Developments in digital technologies are having an impact on the work practices of cultural professionals. Digital technologies today afford cultural professionals with new ways of exhibiting art and culture. The digital platforms of galleries and museums, including websites and social media accounts, have become curated spaces with multi-media, interactive content and large amounts of digitized art collections for public access. The Covid-19 pandemic has accelerated the transition towards digitization. The increased use of and reliance on digital platforms for work has made cultural professionals work in new ways, produce new types of content specifically for online and find new ways of communicating with audiences. However, little is known about how cultural professionals have harnessed the creative potential of social networking sites for digital cultural communication during the Covid-19 pandemic in Vietnam. The purpose of this study is to explore how Vietnamese cultural professionals have utilised Facebook for communicating with audiences during the Covid-19 pandemic. This paper draws on a digital ethnography of Facebook posts from 7 contemporary, independent art spaces and 20 semi-structured interviews with cultural professionals in Hanoi. The findings show that visual content was remediated once uploaded onto Facebook, whereby artworks and photographs took on a new meaning in relation to the Covid-19 Pandemic. Facebook has taken on a central role in work in the art and cultural sector in Hanoi during the Covid-19 pandemic. This could help to legitimize the use of Facebook for work in the creative industries in the future.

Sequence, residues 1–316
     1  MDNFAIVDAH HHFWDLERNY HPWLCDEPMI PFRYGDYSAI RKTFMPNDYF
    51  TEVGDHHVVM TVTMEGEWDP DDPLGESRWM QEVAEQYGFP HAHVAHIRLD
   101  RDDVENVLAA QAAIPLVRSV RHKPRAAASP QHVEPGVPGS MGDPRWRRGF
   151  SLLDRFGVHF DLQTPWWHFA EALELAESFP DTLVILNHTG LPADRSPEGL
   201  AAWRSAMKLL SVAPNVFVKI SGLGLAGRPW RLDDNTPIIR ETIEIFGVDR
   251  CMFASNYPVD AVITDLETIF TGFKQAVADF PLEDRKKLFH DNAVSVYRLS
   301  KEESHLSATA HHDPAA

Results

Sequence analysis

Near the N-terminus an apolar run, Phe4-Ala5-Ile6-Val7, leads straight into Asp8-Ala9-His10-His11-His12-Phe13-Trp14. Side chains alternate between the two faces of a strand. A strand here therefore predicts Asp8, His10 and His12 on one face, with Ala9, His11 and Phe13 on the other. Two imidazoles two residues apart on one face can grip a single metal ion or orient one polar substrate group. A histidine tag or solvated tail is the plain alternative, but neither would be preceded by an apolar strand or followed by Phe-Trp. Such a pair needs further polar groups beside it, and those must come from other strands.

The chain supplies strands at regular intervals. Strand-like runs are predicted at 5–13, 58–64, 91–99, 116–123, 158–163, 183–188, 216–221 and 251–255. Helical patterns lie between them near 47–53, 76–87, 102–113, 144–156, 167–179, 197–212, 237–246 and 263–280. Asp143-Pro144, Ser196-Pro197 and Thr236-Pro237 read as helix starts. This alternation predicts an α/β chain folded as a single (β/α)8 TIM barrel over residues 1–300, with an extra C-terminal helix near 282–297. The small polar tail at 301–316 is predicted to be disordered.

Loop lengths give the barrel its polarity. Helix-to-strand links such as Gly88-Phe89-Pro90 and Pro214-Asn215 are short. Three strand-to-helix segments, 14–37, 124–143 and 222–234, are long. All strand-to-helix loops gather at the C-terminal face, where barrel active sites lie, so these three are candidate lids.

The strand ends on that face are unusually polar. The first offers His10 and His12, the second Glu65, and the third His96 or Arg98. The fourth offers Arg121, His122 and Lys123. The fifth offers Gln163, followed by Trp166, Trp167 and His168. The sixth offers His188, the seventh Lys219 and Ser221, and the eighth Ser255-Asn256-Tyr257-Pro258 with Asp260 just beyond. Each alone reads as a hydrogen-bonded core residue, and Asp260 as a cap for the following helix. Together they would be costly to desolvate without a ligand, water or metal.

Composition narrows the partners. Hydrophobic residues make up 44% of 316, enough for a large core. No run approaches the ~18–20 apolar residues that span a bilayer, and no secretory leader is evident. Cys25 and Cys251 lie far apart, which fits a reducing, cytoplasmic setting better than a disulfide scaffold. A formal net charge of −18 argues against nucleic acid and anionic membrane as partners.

Emma Duester, RMIT University Vietnam, Vietnam